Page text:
History of Toyota

Toyota's origins lie in the Japanese weaving industry when Sakichi Toyoda invented the world's first automatic loom and, subsequently, set up the Toyoda Spinning and Weaving Company in 1918. His invention reduced defects and increased yields since a loom stopped and would not go on producing imperfect fabric and using up thread after a problem occurred. This principle of designing equipment to stop automatically and call attention to problems immediately (jidoka) remains crucial to the Toyota Production System today.

The loom impressed a British Company, the Platt Brothers, so much that, in 1929, they bought the production and sales rights for £100,000. Sakichi gave those proceeds to his son, Kiichiro, to develop automotive technology at Toyoda. This in turn led to the launch of the Company's first ever passenger car in 1936, the Model AA, and in 1937, the Toyota Motor Company was born. Production of Toyota vehicles outside Japan began in 1959 in Brazil and now, besides its own plants, manufacturing subsidiaries and affiliates in Japan, Toyota manufactures Toyota and Lexus brand vehicles and components throughout the world.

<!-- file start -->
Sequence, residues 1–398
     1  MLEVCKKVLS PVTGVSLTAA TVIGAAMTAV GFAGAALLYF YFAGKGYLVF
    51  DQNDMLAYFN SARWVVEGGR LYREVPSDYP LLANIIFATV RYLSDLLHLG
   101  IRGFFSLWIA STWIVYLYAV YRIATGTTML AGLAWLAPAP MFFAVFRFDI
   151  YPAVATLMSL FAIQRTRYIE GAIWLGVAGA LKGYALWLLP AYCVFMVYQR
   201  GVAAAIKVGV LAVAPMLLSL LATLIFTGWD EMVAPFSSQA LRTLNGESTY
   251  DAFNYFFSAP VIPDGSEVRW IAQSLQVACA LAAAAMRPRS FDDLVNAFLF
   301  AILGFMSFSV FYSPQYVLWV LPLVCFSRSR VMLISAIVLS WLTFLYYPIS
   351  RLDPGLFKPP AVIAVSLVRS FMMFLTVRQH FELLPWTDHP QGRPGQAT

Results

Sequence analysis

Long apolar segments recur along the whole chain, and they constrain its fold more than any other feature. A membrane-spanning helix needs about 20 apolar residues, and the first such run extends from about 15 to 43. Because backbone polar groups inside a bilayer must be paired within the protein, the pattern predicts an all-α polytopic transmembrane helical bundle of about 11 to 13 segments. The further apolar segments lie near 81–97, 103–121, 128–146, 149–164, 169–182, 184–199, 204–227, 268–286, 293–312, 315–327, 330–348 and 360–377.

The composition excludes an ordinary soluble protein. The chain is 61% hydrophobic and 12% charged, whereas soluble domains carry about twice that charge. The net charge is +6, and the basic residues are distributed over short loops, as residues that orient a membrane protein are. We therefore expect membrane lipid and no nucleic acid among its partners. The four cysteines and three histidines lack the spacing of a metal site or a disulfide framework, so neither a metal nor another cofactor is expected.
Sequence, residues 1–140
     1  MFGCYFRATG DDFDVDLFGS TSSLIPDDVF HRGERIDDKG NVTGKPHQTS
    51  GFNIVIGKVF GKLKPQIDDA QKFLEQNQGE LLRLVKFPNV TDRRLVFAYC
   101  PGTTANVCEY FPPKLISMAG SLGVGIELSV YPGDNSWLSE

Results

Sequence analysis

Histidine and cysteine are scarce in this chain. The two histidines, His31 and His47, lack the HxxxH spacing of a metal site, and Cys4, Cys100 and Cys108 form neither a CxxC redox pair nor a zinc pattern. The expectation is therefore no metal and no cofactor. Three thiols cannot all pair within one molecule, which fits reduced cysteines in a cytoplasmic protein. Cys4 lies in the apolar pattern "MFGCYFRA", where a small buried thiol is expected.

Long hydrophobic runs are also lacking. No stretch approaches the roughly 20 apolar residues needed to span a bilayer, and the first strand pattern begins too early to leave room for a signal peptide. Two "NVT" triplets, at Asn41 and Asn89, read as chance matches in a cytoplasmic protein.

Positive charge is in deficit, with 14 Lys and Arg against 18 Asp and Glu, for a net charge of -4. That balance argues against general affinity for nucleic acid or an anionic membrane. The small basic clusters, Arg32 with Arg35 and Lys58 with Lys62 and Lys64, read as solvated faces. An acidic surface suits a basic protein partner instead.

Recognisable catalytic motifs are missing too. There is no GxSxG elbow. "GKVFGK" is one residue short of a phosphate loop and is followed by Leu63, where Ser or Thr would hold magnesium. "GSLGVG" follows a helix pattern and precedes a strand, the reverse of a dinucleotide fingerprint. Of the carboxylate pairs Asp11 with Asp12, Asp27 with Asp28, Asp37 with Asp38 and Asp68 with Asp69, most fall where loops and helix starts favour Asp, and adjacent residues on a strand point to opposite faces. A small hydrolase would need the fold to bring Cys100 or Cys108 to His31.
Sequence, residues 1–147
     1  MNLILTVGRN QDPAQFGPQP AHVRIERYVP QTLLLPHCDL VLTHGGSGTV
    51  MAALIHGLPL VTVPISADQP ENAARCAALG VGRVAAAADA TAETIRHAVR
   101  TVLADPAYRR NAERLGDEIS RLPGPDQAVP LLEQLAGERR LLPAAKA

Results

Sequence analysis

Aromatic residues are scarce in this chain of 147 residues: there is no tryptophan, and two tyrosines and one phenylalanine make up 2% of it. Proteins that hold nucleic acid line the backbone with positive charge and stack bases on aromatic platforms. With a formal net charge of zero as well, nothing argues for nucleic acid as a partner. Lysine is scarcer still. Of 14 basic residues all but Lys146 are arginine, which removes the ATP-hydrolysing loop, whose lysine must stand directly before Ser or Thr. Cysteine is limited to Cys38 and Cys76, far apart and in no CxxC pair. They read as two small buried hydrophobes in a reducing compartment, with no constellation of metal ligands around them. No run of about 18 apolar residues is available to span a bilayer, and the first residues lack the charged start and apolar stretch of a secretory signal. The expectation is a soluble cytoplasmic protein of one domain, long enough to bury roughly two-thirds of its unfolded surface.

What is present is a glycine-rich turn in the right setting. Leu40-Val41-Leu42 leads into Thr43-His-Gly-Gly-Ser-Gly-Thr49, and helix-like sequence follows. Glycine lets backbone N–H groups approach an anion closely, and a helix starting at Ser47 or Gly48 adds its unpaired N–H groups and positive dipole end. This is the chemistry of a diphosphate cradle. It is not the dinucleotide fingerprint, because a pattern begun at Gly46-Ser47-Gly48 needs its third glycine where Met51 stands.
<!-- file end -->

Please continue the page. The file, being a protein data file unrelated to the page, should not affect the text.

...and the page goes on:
Look back at the history of Toyota, starting with the birth of founder Sakichi Toyoda. It traces the company's development from 1937 when Toyota Motor Corporation was established to when the two millionth Prius hybrid was sold.

A banner celebrating 75 years of Toyota, featuring the tag-line 'ever-better-cars'

Early Toyota Models


Discover TOYOTA

TMUK Charitable Trust

Through the social contributions programme, over £6.3 million has been donated to charities and organisations by Toyota.

Lean Approach Seminars

Come directly to the source at our Burnaston state of the art manufacturing facility and learn more about Toyota's approach to manufacturing.

TOYOTA Glossary

Find the meaning behind the common terms used by Toyota.

TOYOTA and The Environment

At every stage of a vehicle's life, Toyota strives to protect the environment through reducing energy use and minimising waste.